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Why Do Some Tibetan Women Climb the Highest Mountains? Gendering Mountaineering Practices on the Roof of the World

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image of Inner Asia

This paper explores the lives of a number of Tibetan mountaineering women who have risen to celebrity by climbing the highest peaks in the world. It shows how they negotiated their gender and ethnic identity within the highly complex context of modern Tibetan mountaineering in the People’s Republic of China. Even though they use mountaineering as a means for emancipation, these Tibetan women enact gender roles in ways that are more complicated than the simple binary opposition between ‘old society’ and ‘new society’, reflected in Chinese modernisation narratives, suggests.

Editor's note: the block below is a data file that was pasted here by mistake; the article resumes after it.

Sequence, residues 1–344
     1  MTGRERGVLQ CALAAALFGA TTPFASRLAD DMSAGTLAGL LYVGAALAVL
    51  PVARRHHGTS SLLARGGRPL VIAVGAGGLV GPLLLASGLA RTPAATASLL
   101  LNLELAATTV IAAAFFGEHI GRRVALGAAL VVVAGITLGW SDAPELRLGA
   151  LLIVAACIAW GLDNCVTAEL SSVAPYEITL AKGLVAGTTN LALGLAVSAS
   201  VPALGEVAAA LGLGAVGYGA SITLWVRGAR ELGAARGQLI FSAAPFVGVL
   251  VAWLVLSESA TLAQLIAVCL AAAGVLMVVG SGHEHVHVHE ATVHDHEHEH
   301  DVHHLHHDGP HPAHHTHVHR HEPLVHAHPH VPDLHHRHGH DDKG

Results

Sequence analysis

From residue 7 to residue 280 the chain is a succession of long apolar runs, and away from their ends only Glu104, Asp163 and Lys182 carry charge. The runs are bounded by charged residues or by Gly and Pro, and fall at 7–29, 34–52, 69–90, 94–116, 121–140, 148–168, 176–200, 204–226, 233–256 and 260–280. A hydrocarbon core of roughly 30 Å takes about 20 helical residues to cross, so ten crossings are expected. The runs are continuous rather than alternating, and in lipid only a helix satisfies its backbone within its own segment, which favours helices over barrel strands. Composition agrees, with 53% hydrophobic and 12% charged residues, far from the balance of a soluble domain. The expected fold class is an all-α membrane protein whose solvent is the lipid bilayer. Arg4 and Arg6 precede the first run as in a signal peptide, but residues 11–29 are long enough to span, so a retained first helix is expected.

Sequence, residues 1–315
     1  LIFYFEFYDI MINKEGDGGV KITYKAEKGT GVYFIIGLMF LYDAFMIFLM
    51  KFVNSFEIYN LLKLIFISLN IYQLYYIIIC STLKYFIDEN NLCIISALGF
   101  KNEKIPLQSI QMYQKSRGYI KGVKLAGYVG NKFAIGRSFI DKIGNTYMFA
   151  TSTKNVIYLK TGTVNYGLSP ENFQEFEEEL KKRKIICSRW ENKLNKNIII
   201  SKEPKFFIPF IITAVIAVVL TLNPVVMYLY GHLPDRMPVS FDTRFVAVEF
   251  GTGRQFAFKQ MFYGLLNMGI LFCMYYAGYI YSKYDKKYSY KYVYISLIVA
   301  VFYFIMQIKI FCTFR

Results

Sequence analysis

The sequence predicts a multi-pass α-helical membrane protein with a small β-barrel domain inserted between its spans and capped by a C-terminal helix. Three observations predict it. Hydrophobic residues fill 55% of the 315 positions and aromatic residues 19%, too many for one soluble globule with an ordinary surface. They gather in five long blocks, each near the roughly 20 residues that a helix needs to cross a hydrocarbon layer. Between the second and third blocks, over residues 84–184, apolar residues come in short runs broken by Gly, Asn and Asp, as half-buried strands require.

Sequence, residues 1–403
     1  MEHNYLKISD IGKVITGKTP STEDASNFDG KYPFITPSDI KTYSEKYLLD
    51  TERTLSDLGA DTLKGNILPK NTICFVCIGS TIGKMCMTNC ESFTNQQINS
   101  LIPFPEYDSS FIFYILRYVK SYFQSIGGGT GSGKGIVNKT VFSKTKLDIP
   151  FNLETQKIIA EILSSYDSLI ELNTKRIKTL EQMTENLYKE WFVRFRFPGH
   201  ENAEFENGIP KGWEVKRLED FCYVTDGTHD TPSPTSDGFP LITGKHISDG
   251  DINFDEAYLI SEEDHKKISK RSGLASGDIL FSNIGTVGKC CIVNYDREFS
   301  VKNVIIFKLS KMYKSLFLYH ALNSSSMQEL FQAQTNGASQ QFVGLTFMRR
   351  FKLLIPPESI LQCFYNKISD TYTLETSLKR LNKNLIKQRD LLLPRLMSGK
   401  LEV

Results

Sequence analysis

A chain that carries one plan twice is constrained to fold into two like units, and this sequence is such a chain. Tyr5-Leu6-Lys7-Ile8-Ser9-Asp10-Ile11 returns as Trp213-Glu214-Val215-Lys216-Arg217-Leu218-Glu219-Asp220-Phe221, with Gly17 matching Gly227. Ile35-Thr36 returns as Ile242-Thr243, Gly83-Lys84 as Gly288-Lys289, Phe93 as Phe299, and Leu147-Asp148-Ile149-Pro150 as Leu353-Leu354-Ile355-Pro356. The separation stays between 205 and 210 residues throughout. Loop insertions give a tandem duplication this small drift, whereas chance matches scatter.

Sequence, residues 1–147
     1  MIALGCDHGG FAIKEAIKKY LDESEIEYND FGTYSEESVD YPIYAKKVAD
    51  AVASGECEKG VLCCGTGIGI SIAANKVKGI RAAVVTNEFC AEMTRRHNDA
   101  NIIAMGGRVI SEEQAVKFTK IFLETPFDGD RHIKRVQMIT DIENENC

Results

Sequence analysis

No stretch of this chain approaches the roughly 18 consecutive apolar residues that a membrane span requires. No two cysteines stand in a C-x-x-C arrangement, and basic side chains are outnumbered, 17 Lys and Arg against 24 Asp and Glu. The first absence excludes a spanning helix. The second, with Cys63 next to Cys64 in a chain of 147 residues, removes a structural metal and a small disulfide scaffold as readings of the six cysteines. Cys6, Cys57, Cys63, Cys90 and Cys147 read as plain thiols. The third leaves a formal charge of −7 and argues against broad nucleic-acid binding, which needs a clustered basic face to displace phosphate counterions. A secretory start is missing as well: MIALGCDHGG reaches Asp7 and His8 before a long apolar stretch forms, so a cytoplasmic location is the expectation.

Affiliations: 1: MIASU, University of Cambridge, UK


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